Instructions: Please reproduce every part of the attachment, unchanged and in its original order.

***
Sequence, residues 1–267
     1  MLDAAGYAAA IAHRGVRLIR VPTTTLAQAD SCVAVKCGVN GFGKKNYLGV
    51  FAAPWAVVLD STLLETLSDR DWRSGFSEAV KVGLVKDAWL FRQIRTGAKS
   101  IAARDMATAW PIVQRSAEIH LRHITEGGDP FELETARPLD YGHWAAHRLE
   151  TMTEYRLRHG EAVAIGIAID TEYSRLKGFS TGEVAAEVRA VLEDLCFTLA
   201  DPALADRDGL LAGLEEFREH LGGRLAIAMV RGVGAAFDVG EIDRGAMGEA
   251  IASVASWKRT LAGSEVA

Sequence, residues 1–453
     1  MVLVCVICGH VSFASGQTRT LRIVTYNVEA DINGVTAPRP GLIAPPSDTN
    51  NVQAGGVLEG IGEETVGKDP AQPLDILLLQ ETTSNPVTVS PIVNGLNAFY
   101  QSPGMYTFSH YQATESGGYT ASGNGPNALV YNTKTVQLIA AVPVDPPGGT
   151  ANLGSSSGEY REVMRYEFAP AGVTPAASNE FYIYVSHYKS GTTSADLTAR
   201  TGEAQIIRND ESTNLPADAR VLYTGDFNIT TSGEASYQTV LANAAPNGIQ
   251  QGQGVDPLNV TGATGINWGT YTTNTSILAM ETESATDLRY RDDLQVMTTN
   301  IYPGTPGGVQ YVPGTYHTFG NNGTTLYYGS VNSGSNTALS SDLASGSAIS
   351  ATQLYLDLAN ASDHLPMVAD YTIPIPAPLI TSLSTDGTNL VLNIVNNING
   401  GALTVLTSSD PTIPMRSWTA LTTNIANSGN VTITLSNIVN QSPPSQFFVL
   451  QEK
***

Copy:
Sequence, residues 1–267
     1  MLDAAGYAAA IAHRGVRLIR VPTTTLAQAD SCVAVKCGVN GFGKKNYLGV
    51  FAAPWAVVLD STLLETLSDR DWRSGFSEAV KVGLVKDAWL FRQIRTGAKS
   101  IAARDMATAW PIVQRSAEIH LRHITEGGDP FELETARPLD YGHWAAHRLE
   151  TMTEYRLRHG EAVAIGIAID TEYSRLKGFS TGEVAAEVRA VLEDLCFTLA
   201  DPALADRDGL LAGLEEFREH LGGRLAIAMV RGVGAAFDVG EIDRGAMGEA
   251  IASVASWKRT LAGSEVA

Sequence, residues 1–453
     1  MVLVCVICGH VSFASGQTRT LRIVTYNVEA DINGVTAPRP GLIAPPSDTN
    51  NVQAGGVLEG IGEETVGKDP AQPLDILLLQ ETTSNPVTVS PIVNGLNAFY
   101  QSPGMYTFSH YQATESGGYT ASGNGPNALV YNTKTVQLIA AVPVDPPGGT
   151  ANLGSSSGEY REVMRYEFAP AGVTPAASNE FYIYVSHYKS GTTSADLTAR
   201  TGEAQIIRND ESTNLPADAR VLYTGDFNIT TSGEASYQTV LANAAPNGIQ
   251  QGQGVDPLNV TGATGINWGT YTTNTSILAM ETESATDLRY RDDLQVMTTN
   301  IYPGTPGGVQ YVPGTYHTFG NNGTTLYYGS VNSGSNTALS SDLASGSAIS
   351  ATQLYLDLAN ASDHLPMVAD YTIPIPAPLI TSLSTDGTNL VLNIVNNING
   401  GALTVLTSSD PTIPMRSWTA LTTNIANSGN VTITLSNIVN QSPPSQFFVL
   451  QEK